Bahraini officials defended the Gulf kingdom's record before the U.N.'s top human rights body Monday by insisting that the government has moved to investigate alleged abuses and compensate victims during the 15-month uprising by majority Shiites against the ruling Sunni monarchy.

The U.N. Human Rights Council's review of Bahrain's human rights record, part of a routine assessment that all 193 U.N. member nations undergo every four years, comes at a particularly sensitive time following widespread protests and the monarchy's crackdown on dissent.

Bahrain's human rights minister Salah bin Ali Mohammed Abdulrahman led a delegation Monday making the case that government is moving quickly to improve its human rights record after allegations of abuses by Bahraini security forces and crackdowns such as widespread arrests and workplace purges.

"We reaffirm the importance of national dialogue," he said. "The kingdom of Bahrain will deal positively and constructively with all the recommendations that have been submitted, and we shall attach high importance to this process."

Members of the 47-nation council, whose report on Bahrain is due Wednesday, urged the nation to grant new trials to activists convicted in military courts. A Bahraini court last month ordered a full re-examination of the cases against mostly Shiite activists found guilty last year of plots to overthrow the Western-allied Sunni dynasty.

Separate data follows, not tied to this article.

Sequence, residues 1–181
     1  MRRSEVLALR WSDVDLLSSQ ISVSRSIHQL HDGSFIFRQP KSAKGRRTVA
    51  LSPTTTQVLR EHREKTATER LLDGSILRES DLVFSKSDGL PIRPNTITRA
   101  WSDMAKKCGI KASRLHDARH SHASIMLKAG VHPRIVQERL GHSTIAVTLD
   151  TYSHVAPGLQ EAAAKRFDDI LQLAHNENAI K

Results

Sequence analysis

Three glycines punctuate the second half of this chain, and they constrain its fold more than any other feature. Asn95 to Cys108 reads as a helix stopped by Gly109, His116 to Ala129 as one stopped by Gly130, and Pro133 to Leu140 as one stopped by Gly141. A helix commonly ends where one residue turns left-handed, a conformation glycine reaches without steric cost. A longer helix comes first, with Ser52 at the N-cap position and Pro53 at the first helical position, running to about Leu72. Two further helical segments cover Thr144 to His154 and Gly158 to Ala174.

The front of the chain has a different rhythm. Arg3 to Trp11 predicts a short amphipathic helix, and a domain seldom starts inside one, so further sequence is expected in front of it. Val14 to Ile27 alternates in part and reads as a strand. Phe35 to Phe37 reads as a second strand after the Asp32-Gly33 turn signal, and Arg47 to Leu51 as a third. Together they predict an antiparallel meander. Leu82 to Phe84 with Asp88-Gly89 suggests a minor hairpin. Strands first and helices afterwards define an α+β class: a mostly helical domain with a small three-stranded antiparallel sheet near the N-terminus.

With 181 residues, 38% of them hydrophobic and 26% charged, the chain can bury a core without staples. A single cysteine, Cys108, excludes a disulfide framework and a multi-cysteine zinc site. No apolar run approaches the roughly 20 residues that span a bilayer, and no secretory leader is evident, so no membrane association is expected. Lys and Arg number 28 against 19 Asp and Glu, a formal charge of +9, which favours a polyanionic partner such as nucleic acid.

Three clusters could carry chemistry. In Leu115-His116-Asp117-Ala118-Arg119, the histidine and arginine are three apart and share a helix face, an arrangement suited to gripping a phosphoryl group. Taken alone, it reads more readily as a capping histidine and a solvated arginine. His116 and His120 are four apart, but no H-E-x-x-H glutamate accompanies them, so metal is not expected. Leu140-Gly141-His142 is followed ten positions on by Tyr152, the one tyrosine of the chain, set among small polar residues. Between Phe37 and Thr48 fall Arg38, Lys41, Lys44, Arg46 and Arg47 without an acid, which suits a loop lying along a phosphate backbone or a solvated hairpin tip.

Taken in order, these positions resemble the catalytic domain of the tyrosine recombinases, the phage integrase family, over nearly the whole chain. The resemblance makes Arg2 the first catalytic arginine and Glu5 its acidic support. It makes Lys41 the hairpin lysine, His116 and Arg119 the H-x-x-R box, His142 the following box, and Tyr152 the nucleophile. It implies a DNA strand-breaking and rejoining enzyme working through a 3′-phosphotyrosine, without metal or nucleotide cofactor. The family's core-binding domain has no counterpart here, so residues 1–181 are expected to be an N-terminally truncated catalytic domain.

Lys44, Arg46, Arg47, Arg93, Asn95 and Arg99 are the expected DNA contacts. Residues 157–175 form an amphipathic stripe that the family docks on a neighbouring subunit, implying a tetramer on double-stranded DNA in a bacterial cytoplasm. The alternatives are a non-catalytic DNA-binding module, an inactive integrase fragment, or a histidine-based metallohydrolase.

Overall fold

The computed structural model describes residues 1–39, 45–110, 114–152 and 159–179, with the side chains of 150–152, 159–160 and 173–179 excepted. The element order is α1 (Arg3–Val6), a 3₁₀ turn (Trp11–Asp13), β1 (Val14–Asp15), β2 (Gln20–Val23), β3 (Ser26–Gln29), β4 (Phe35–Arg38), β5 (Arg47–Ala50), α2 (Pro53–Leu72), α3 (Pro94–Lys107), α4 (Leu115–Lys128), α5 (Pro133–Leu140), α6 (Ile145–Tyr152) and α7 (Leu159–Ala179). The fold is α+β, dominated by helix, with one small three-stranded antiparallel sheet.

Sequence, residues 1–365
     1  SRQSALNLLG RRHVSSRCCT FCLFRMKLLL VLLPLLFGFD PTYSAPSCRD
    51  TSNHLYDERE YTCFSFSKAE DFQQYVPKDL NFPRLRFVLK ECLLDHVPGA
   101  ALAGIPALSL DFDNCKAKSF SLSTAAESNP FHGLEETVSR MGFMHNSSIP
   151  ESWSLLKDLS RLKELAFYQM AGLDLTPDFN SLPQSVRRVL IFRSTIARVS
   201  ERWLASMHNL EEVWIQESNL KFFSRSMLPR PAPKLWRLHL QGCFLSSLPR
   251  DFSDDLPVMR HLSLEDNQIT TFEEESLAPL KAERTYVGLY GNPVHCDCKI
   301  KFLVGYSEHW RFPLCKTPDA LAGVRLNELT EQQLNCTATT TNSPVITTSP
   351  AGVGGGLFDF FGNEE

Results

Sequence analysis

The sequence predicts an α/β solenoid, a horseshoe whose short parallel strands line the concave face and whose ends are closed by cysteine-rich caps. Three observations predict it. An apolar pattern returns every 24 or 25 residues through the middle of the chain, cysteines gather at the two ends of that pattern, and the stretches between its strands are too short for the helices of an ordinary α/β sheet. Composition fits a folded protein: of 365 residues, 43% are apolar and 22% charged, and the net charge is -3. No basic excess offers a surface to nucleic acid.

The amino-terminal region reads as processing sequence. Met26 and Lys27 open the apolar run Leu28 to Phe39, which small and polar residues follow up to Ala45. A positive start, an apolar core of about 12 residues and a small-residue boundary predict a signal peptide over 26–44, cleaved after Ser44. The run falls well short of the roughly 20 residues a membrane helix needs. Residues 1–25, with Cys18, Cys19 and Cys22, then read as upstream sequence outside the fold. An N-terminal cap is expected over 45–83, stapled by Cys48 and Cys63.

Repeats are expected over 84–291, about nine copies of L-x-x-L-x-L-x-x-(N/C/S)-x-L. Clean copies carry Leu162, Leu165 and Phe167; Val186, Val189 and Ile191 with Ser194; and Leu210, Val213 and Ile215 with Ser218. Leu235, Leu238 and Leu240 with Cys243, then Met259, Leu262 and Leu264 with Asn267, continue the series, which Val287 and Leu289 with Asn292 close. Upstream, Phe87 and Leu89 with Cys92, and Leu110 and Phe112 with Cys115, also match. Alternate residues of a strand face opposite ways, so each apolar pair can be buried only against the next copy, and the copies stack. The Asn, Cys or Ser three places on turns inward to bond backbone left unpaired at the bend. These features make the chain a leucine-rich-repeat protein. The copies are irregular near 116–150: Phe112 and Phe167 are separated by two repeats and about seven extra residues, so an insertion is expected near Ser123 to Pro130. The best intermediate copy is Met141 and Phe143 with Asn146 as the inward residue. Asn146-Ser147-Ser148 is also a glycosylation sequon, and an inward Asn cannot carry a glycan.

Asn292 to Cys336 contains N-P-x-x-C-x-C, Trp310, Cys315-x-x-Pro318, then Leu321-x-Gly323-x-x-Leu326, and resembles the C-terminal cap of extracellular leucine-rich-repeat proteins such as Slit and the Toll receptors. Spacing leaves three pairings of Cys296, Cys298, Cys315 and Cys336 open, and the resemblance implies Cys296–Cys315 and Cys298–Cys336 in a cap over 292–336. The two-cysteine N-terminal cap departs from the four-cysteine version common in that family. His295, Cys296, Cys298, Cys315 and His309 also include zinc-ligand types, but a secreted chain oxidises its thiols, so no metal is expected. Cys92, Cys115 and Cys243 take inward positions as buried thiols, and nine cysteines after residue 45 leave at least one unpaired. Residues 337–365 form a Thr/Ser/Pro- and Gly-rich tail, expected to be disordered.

Diplomats lauded Bahrain for setting up an independent inquiry into the crackdown, but called for urgent action on findings that security forces resorted to unnecessary and excessive force against protesters and many detainees were tortured or had their rights violated.

More than 50 people have died in the unrest between forces loyal to the ruling Sunni monarchy, whose nations hosts the U.S. Navy's 5th Fleet, and the country's majority Shiites who seek a greater voice in national affairs.